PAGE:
In the fight against Covid-19, protective personal equipment has played a central and critical role for the safety of healthcare workers. However, the virus can attach to the surface of PPE where it may continue to be infectious for an extended period of time. There’s a risk that a person removing their face mask could touch viral particles latched onto the outside and further spread the virus.
A preprint paper published recently by scientists from Indiana University suggests a fabric which eradicates the infectivity of coronaviruses on contact by generating an electric field could be the answer to the problem.
Last month, a team of researchers determined a hybrid combination of one layer of cotton and two layers of chiffon is the most effective fabric for a face mask. They noted the high-efficiency of the combination is likely due to the combined effect of mechanical and electrostatic filtration of infective particles.
The new study from IU further explores the potential of electrostatic forces to act against Covid-19.
The research is a part of a still-growing field of medical devices known as “electroceuticals” — a fusion of the words “electrostatic” and “pharmaceuticals.” Electroceuticals use weak electric fields not harmful to humans to treat a variety of conditions. Pacemakers, which are used to treat arrhythmias, are one common example.
Chandan Sen, the paper’s lead author and director of the Indiana Center for Regenerative Medicine and Engineering, previously worked on developing the current-generating fabric for antimicrobial applications. Bioelectric technology company Vomaris Inc currently commercializes the electroceutical fabric for use as a pathogen-killing wound dressing.
The fabric is polyester printed with little metal dots made of zinc and silver. The geometric, alternating pattern of zinc and silver make microcell batteries which generate an electric field upon exposure to moisture. When used in wound care, the electric field prevents biofilms from forming and reduces the risk of bacterial infection during the healing process.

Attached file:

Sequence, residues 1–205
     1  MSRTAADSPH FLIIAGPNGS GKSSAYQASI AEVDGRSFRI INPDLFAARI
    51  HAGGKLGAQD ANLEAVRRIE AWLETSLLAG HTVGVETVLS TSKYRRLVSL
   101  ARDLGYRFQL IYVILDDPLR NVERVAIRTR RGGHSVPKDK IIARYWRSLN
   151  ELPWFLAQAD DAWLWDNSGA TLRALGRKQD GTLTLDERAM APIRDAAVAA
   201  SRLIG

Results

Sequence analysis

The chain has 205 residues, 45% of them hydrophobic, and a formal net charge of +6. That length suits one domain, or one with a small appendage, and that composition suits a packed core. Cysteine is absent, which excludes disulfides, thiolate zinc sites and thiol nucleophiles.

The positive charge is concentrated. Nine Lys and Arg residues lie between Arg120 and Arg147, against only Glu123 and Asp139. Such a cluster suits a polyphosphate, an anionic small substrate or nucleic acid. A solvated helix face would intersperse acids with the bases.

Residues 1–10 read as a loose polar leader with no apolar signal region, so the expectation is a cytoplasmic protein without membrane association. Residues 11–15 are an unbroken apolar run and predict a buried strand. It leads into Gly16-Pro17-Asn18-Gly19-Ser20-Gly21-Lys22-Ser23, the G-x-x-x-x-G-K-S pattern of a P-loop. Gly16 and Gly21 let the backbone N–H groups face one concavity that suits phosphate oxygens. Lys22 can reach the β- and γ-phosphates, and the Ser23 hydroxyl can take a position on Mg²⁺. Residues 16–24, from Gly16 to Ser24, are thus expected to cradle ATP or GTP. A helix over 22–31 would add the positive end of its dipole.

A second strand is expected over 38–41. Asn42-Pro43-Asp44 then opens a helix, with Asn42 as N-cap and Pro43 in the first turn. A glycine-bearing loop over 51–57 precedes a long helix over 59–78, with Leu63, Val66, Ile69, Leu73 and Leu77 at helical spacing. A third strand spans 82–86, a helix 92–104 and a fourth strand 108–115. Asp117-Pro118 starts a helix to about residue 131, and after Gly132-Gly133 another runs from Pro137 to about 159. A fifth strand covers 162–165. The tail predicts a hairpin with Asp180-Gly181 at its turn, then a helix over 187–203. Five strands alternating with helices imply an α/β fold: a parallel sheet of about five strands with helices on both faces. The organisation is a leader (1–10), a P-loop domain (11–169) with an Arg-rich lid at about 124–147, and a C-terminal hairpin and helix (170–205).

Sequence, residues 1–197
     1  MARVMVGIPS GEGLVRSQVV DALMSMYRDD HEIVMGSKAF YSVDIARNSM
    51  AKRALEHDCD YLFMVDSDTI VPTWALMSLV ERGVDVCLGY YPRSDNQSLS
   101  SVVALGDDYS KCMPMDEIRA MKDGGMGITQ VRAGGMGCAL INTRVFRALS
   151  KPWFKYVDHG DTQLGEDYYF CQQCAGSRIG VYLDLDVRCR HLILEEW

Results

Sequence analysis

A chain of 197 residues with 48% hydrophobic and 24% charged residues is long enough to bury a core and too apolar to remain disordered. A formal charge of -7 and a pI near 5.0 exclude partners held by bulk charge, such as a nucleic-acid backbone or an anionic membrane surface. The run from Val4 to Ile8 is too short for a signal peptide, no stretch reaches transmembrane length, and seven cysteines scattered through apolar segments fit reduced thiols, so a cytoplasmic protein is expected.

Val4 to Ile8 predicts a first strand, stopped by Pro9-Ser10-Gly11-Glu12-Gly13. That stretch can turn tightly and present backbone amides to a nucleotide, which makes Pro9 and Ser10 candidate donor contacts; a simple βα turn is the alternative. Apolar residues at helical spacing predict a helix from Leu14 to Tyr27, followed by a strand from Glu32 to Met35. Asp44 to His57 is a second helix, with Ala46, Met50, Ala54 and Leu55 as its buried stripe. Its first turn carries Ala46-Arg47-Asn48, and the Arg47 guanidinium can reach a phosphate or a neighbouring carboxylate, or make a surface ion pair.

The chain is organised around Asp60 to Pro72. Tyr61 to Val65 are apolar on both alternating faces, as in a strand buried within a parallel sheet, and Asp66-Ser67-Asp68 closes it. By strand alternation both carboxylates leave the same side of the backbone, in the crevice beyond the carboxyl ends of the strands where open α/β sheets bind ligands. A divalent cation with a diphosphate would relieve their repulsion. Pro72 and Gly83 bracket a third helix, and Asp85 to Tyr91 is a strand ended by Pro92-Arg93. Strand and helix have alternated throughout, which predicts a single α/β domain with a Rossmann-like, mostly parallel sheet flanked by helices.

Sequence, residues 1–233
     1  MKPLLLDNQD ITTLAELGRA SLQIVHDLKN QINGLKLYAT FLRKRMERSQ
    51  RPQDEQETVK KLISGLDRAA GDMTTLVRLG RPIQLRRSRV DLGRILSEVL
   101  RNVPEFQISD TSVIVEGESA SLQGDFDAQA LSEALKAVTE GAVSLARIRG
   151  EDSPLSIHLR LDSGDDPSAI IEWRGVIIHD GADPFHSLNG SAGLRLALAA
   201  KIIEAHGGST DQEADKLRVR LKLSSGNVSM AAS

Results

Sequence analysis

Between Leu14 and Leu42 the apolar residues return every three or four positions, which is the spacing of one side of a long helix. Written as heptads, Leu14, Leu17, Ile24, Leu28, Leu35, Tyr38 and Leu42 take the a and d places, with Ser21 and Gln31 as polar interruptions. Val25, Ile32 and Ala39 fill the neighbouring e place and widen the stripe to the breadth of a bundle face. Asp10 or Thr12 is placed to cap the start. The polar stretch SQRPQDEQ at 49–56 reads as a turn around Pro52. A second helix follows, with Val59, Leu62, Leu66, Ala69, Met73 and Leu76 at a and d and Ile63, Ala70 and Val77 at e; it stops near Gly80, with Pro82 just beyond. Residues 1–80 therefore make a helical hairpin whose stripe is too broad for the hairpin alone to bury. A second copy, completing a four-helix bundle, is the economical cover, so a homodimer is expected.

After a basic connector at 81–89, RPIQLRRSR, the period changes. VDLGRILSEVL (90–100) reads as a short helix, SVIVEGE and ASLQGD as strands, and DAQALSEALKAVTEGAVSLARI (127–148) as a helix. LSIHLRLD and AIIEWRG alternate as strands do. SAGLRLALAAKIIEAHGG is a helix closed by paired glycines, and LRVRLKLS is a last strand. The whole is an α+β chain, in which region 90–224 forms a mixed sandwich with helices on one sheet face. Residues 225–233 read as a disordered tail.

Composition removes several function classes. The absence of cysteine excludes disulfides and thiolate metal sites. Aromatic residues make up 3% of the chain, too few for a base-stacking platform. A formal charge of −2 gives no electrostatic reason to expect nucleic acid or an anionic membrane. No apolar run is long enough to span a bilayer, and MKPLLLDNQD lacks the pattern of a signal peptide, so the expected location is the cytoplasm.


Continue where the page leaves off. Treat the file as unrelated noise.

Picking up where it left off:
Knowing viruses rely on electrostatic forces to assemble and attach to cells, the researchers suspected the electroceutical fabric could be used to destabilize the coronavirus as well.
As a control for their test, the team used a polyester fabric without the microcell batteries on the surface. They then exposed both fabrics to an aqueous solution containing cells with a respiratory coronavirus at room temperature and allowed it to absorb.
Their subsequent analysis revealed that just one minute of contact to the electroceutical fabric led to significant reduction in the electrokinetic property of the viral particles. Additionally, researchers monitored the infected cells recovered from the electroceutical fabrics and noticed an absence of the cytopathic effects expected in the presence of viral invasions.
The team reported the cells from the electroceutical fabric were as healthy as non-infected cells, indicating the virus had lost its infectivity, while cells from the control fabric didn’t receive the same protection.
Though further studies are needed to characterize the structural change of coronaviruses in exposure to electroceutical fabric, the researchers hope their findings are the first step toward receiving FDA Emergency Use Authorization which will allow the technology to be distributed widely for use as face masks.